After three days of deliberation, a federal jury has ruled in favor of Apple over Samsung in its patent infringement accusations. Apple will be awarded $1.05 billion in damages to add to their coffers.
The big issue was not just whether Samsung copied the look and feel of the iPhone, but whether it did so intentionally. The nine-person jury determined that yes, indeed, Samsung “willfully” infringed on several of Apple’s patents, including the “pinch and zoom” patent, the “bounce back” scrolling patent, and patent on tapping to zoom. The Samsung device that earned the largest amount in damages was the Galaxy Prevail.
Samsung has released the following statement on the verdict:
Today’s verdict should not be viewed as a win for Apple, but as a loss for the American consumer. It will lead to fewer choices, less innovation, and potentially higher prices. It is unfortunate that patent law can be manipulated to give one company a monopoly over rectangles with rounded corners, or technology that is being improved every day by Samsung and other companies. Consumers have the right to choices, and they know what they are buying when they purchase Samsung products. This is not the final word in this case or in battles being waged in courts and tribunals around the world, some of which have already rejected many of Apple’s claims. Samsung will continue to innovate and offer choices for the consumer.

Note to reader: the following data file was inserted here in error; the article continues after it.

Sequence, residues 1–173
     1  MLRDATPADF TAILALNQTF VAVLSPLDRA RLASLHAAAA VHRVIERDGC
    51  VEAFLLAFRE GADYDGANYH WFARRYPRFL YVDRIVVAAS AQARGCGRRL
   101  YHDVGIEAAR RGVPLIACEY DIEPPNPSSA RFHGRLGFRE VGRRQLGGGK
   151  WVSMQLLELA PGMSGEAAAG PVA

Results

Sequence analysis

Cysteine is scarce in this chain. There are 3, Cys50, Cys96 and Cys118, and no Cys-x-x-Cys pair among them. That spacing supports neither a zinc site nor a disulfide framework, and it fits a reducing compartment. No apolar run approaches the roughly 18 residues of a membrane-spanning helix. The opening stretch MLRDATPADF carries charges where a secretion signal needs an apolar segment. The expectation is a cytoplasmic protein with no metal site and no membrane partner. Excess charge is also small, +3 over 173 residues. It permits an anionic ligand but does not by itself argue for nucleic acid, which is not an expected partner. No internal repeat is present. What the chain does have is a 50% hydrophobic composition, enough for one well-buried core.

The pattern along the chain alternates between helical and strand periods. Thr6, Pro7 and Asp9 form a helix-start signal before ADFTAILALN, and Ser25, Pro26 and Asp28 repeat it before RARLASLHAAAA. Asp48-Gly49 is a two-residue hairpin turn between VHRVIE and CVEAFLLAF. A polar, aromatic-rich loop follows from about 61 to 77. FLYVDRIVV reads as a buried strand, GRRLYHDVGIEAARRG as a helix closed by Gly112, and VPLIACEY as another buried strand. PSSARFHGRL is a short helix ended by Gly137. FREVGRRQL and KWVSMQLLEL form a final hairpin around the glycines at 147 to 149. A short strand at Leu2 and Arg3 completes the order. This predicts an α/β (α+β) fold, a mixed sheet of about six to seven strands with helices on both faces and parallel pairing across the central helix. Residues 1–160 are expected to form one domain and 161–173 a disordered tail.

While Samsung charged in a countersuit that Apple had actually infringed on some of its patents, the jury did not find it that way and did not order Apple to pay any damages to Samsung. Samsung, which had been asking for $422 million in damages, is expected to appeal.
The jury’s verdict came surprisingly fast, considering the not-terribly-technical team had to fill out a 20-page verdict form with some 700 questions on all the minutiae of smartphones.
While $1.05 billion is nothing to sneeze at, but it’s less than half of the $2.5 billion that Apple was demanding for the “irreparable harm” that Samsung has done to Apple’s business. During the case, Apple charged that Samsung had been making squared off, boxy phones before the release of the iPhone, and only then did it begin making phones with rounded corners. Samsung, however, charged that it had been in the process of developing phones with rounded corners before the iPhone’s 2007 release.
That defense seemed to fall apart, however, when Apple dug up a 2010 document written by Samsung engineers that compared the iPhone to the Galaxy S and made suggestions as to how Samsung’s devices should imitate the iPhone design.
Apple and Samsung have been locked in a mud-slinging war over patent infringements for months. The two companies have brought more than 50 lawsuits against one another in 10 different countries.
Earlier today, a court in South Korea, where Samsung is based, found that Apple and Samsung both infringed on one another’s patents. Apple was found guilty of infringing on two of Samsung’s patents and was ordered to pay 20 million won, or about $17,600, while Samsung was found guilty of infringing on one of Apple’s patents and was ordered to pay 25 million won, or $22,000. Apple can no longer sell its iPhone 4 or iPad 2 in South Korea, and Samsung can no longer sell 10 of its devices in South Korea, including the Galaxy Tab and Galaxy Tab 10.1 tablets.
Apple could not be reached for comment.
Image source: Latimes.com